2016-17 Roster Breakdown: The Wings
The Boston Celtics begin training camp in less than three weeks, so it’s time we break down the roster and provide an idea of what the team’s depth chart will look like heading into the 2016-17 season.
Coach Brad Stevens divides his team into four positional categories, as follows:
- Ball handlers – Typically played by the 1.
- Wings – A hybrid between the 2 and the 3.
- Swings – A hybrid between the 3 and the 4.
- Bigs – A hybrid between the 4 and the 5.
There are currently 16 guaranteed contracts on the C’s, meaning Boston must shave its player total by one by the end of the preseason. Regardless, this should give a solid indication of each member’s projected role with the squad.
Yesterday, we kicked off our roster breakdown series with Boston’s ball handlers. Today, we present their backcourt mates – the wings.
Wingers are commonly the top shooters on the floor and are relied upon to take on a heavy scoring load. Defensively, they’ll often be tasked with suppressing elite scorers on opposing teams.
The C’s are loaded with a combination of seasoned talent and high-potential youngsters at the wing and have certainly upgraded the position heading into this season.
There are countless wings in the NBA that are capable of tearing apart opposing defenses, but most of those high-volume scorers have difficulty penetrating past the perimeter against Boston. The C's have Avery Bradley to thank for that.
Bradley, the longest-tenured member of the team, earned the most Defensive Player of the Year votes of any guard in the league last season and was honored with his first All-Defensive First Team nod. Along the way, a number of his All-Star caliber opponents went out of their way to publicly declare him as the top perimeter defender in the NBA.
With all of the focus on Bradley’s defense, his offensive prowess often goes unnoticed. The seven-year guard was the second highest scorer on the team (15.2 points per game) behind Isaiah Thomas last season, and is arguably Boston’s top long-range shooter.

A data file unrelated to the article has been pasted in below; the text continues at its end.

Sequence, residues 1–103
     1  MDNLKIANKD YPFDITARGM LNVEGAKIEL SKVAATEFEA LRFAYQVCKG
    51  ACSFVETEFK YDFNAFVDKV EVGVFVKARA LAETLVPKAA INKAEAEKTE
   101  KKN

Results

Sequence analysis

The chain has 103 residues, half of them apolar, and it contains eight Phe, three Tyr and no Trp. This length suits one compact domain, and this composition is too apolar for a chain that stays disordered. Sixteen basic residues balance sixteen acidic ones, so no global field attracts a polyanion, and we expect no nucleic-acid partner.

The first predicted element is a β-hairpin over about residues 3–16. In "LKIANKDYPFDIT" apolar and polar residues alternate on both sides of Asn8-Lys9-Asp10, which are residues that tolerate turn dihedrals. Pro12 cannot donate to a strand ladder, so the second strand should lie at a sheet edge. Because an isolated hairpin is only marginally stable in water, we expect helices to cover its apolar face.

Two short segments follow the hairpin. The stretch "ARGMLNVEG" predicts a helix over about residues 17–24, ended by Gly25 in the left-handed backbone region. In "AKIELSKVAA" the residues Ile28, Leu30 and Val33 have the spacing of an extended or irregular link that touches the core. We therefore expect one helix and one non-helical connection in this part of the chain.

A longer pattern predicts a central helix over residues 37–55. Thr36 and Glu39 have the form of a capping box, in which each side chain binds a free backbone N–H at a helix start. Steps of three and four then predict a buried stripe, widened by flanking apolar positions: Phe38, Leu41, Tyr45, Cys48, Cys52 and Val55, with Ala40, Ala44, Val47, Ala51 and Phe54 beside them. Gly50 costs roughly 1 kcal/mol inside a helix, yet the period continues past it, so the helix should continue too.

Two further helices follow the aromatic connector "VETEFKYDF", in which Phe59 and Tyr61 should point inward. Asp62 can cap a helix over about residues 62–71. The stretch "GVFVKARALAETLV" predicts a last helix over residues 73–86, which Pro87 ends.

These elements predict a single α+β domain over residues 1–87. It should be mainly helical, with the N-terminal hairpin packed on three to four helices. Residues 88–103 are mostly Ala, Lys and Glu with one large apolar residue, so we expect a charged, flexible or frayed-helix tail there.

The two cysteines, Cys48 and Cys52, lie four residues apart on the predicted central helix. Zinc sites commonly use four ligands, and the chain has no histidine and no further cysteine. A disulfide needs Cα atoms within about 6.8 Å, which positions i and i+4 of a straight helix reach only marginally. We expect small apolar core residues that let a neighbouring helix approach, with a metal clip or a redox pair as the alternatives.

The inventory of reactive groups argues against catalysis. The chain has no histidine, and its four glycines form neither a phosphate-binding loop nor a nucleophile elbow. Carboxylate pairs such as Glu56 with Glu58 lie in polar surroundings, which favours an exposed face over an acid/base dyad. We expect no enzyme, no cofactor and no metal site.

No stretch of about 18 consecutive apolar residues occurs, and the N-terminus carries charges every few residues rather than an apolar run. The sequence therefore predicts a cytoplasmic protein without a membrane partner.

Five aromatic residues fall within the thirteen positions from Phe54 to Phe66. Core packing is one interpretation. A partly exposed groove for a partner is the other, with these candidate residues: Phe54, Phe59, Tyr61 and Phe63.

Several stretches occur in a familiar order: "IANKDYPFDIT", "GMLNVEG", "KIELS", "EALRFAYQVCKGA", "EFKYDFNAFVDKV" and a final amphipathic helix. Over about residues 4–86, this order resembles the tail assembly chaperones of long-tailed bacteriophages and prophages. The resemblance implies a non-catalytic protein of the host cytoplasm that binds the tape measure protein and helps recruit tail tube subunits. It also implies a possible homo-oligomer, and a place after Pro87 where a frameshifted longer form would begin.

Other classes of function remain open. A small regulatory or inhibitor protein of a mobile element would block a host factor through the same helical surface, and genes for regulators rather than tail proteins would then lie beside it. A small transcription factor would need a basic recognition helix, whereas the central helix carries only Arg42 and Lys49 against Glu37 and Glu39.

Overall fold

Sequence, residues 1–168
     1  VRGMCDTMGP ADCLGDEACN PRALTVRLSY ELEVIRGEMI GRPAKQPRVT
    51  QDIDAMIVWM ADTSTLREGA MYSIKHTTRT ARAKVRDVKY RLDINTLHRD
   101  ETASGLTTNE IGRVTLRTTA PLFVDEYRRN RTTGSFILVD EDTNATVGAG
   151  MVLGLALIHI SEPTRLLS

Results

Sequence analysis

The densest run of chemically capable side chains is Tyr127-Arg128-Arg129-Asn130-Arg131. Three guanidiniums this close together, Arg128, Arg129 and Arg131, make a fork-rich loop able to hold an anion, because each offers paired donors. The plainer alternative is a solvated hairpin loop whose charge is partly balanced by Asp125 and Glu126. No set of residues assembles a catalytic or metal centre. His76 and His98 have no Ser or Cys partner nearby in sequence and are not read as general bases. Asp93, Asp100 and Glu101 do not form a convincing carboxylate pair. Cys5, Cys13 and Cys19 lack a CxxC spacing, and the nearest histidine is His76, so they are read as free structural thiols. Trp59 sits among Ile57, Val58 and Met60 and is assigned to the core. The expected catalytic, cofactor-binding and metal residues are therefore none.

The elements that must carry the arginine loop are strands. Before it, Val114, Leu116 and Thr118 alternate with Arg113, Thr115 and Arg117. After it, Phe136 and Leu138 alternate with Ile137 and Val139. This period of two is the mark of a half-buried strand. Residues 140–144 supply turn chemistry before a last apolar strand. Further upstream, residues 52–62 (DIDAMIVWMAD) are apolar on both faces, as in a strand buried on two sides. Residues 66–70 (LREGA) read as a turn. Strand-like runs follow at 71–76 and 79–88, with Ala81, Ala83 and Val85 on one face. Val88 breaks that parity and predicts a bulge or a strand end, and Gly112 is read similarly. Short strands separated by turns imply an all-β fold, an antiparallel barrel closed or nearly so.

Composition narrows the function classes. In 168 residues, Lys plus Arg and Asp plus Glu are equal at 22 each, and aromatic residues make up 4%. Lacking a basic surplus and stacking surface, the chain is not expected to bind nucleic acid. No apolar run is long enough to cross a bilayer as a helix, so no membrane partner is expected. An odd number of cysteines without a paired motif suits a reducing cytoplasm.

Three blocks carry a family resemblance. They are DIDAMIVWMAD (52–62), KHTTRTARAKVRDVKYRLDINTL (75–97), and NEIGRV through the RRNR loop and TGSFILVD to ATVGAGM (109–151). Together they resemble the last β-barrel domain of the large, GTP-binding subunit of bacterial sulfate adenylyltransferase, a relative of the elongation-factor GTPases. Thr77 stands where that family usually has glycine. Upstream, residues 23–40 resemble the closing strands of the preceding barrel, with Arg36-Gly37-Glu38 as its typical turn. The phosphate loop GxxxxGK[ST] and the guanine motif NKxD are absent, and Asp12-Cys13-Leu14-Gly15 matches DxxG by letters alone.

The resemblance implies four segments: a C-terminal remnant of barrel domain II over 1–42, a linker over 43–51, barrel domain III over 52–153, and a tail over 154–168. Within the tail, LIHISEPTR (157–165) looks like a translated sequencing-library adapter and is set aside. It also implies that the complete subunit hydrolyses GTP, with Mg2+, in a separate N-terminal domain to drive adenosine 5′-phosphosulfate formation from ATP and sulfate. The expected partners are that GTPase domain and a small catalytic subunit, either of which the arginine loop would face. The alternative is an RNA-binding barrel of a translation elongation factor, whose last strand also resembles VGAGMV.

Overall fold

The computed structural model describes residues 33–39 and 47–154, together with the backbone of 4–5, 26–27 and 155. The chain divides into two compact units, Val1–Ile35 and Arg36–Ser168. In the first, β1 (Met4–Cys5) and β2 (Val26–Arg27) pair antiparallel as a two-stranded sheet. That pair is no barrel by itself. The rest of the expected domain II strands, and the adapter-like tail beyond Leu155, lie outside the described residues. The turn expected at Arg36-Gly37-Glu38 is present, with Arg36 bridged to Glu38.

Bradley’s well roundedness is everything a team would want in a wing, and he’s the clear-cut leader of the squad heading into this season.
Boston added more depth at the wing this summer by adding a familiar face to the roster. Gerald Green, who spent his first two seasons (2005-07) with the Celtics, will make his official return to Boston in a few weeks, and he should provide a much-needed scoring boost off the bench.
Green fully embodies what a team needs in a wing from an offensive perspective, as he’s capable of scoring in multiple ways. The 6-foot-7 guard is strong 3-point shooter – he canned 204 triples for Phoenix three seasons ago – so that should aid a Celtics team that struggled in the long ball department last season. And, for those who remember watching Green during his early days in Boston, the 2007 Slam Dunk Champion is fully capable of throwing down a highlight-reel dunk and sparking the offense when the time calls for it.
Bradley supplied most of the scoring for Boston’s wings last season, but he should have plenty of offensive support behind him now that Green is back in green.
Many pundits dubbed R.J. Hunter as Boston’s sharpshooter of the future when it drafted him last summer, but he certainly experienced some growing pains during his rookie season.
The lanky guard shot just 36.7 percent from the field and 30.2 percent from long range last season. However, he showed significant strides during Summer League in July by shooting a 47.2 percent clip from beyond the arc despite playing with an injured right wrist.
If you followed Hunter’s college career, you know he’s capable of hitting big shots and won’t shy away from high-pressure moments, so he will be looking to put his quiet rookie campaign behind him and become a key contributor at the wing this season.
James Young will likely be Hunter’s biggest competition for minutes this season. Young is entering his third season with the C’s and has yet to earn a consistent role with the team, evidenced by his 48 total trips between the NBA and the D-League.
The Celtics were drawn in by Young’s shooting ability and potential when they drafted him in 2014, but like Hunter, he has struggled from beyond the arc, posting a 25.0 percent clip from 3-point range in 60 career games. However, he, too, showed signs of improvement this offseason by making 43.4 percent of his long-range shots during Summer League.
At just 21 years and 25 days old, Young is still the second-youngest player on the team behind 19-year-old rookie Jaylen Brown. His development is still in progress, and he hopes his third season will be the charm that makes his hard work pay off in the form of a more consistent role with the club.